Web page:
Patrick Sharp had 66 points in 82 games for the Blackhawks last season and was a point-per-game player in the post-season. (Photo by Jonathan Daniel/Getty Images)
The Chicago Blackhawks matched the four-year, $14-million offer sheet defenseman Niklas Hjalmarsson received from the San Jose Sharks, but by doing so they may be forced into another salary-dumping trade.
After Hawks GM Stan Bowman announced he was retaining Hjalmarsson, numerous reports out of Chicago noted the $3.5 million per season cap hit would bite deeply into the club’s remaining cap space. This could adversely affect Bowman’s efforts to re-sign goaltender Antti Niemi and fill out the remainder of the roster.
It’s led to speculation the club will shop defenseman Brian Campbell or center Patrick Sharp in order to free up more cap space.
Bowman would probably love to move Campbell’s $7.14 million salary from his payroll, but with six more seasons and a limited “no-trade” clause it’s almost impossible to find a rival club willing to accept that kind of contract during a summer where the trade and free agent markets have been slowed in part because of salary cap constraints.
It is possible Bowman demotes Campbell along with goaltender Cristobal Huet and his $5.63 million salary, but that would be a lot of money – more than $13 million – to bury in the minors to rectify the mistakes of the previous management.
Sharp was frequently mentioned in Blackhawks trade rumors throughout June, but Bowman instead shipped out other notables like Dustin Byfuglien and Kris Versteeg, preferring to keep the versatile Sharp in the lineup.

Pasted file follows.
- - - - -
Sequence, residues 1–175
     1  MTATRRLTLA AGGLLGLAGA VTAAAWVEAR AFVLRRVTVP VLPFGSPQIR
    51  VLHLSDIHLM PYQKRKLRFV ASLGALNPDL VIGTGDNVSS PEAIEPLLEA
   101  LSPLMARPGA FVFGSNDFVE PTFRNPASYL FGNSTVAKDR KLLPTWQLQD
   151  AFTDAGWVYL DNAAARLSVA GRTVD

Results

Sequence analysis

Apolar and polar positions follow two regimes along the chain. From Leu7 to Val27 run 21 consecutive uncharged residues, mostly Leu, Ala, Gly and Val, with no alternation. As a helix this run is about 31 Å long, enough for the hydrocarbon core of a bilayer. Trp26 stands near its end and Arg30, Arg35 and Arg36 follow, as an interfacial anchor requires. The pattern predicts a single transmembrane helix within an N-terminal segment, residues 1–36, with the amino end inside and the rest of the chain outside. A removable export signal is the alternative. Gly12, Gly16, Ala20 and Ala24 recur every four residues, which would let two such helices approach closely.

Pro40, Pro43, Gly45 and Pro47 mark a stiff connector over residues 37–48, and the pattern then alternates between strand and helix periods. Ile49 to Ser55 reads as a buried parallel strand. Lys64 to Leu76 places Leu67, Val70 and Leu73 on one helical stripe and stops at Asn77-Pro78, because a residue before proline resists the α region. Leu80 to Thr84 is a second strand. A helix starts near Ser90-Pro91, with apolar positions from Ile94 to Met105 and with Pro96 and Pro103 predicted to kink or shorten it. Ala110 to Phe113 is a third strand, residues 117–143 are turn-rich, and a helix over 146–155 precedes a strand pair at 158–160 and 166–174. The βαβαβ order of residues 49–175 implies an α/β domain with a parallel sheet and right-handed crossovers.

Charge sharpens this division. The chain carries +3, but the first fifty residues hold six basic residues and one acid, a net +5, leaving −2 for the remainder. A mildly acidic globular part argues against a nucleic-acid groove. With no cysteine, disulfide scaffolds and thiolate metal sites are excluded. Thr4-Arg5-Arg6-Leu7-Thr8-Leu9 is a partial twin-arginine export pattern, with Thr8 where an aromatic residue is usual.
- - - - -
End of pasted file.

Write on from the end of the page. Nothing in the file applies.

This time, however, Bowman might not have any choice if he opts for the trade route again and shipping out Sharp would be the unkindest cut of all.
SHARKS LOOKING FOR DEFENSEMAN
San Jose Sharks GM Doug Wilson, meanwhile, is moving on from his failed attempt to sign Hjalmarsson away from Chicago.
Wilson is believed to be shopping for a veteran defenseman and while he wouldn’t specify which players he’s interested in (owing to the league’s anti-tampering rules) a report in the San Jose Mercury-News suggested Toronto’s Tomas Kaberle, Vancouver’s Kevin Bieksa and the Rangers’ Marc Staal as potential targets.
The asking price for Kaberle (a top-six winger or a first round pick plus a top prospect) might be too expensive for Wilson, while the Rangers are believed reluctant to part with Staal, a restricted free agent.
Wilson does have a recent trade history with the Canucks (having shipped Christian Ehrhoff to Vancouver last summer) so perhaps there’s a fit there with Bieksa, who recently told TSN he’s fully aware he could be a trade candidate.
DEVILS LOOKING AT KABERLE?
Speaking of Kaberle, New Jersey Devils forward Patrik Elias told NJ.com he believes the veteran Leafs blueliner would be a great fit with the Devils.
GM Lou Lamoriello said he was still considering a few trades, but it remains to be seen if he is willing to pay what Leafs GM Brian Burke would be asking for Kaberle.
GAGNE ON THE BLOCK IN PHILADELPHIA
The Philadelphia Flyers’ re-signing of forward Dan Carcillo earlier this week to a one-year deal pushed their payroll to nearly $2.5 million over the league’s $59.4 million salary cap, fuelling rumors veteran forward Simon Gagne will soon be shipped out to get the club back under the cap.
Gagne’s agent has been given permission to speak with other teams amidst talk the Los Angeles Kings, New York Rangers, Toronto Maple Leafs and Tampa Bay Lightning have interest in the 30-year-old winger.
It could take some time, however, for the Flyers to work out a trade.
Gagne has a “no-trade” clause, which significantly limits potential dance partners. He’d probably prefer going to a Stanley Cup contender, while his recent injury history and salary ($5.25 million for next season) could also prove to be stumbling blocks.
The Flyers would also want to take back very little salary in return, no easy task given the high number of teams with limited cap space this summer.
Rumor Roundup appears Mondays and Thursdays only on thehockeynews.com. Lyle Richardson has been an NHL commentator since 1998 on his website, spectorshockey.net, and is a contributing writer for Foxsports.com and Eishockey Magazine.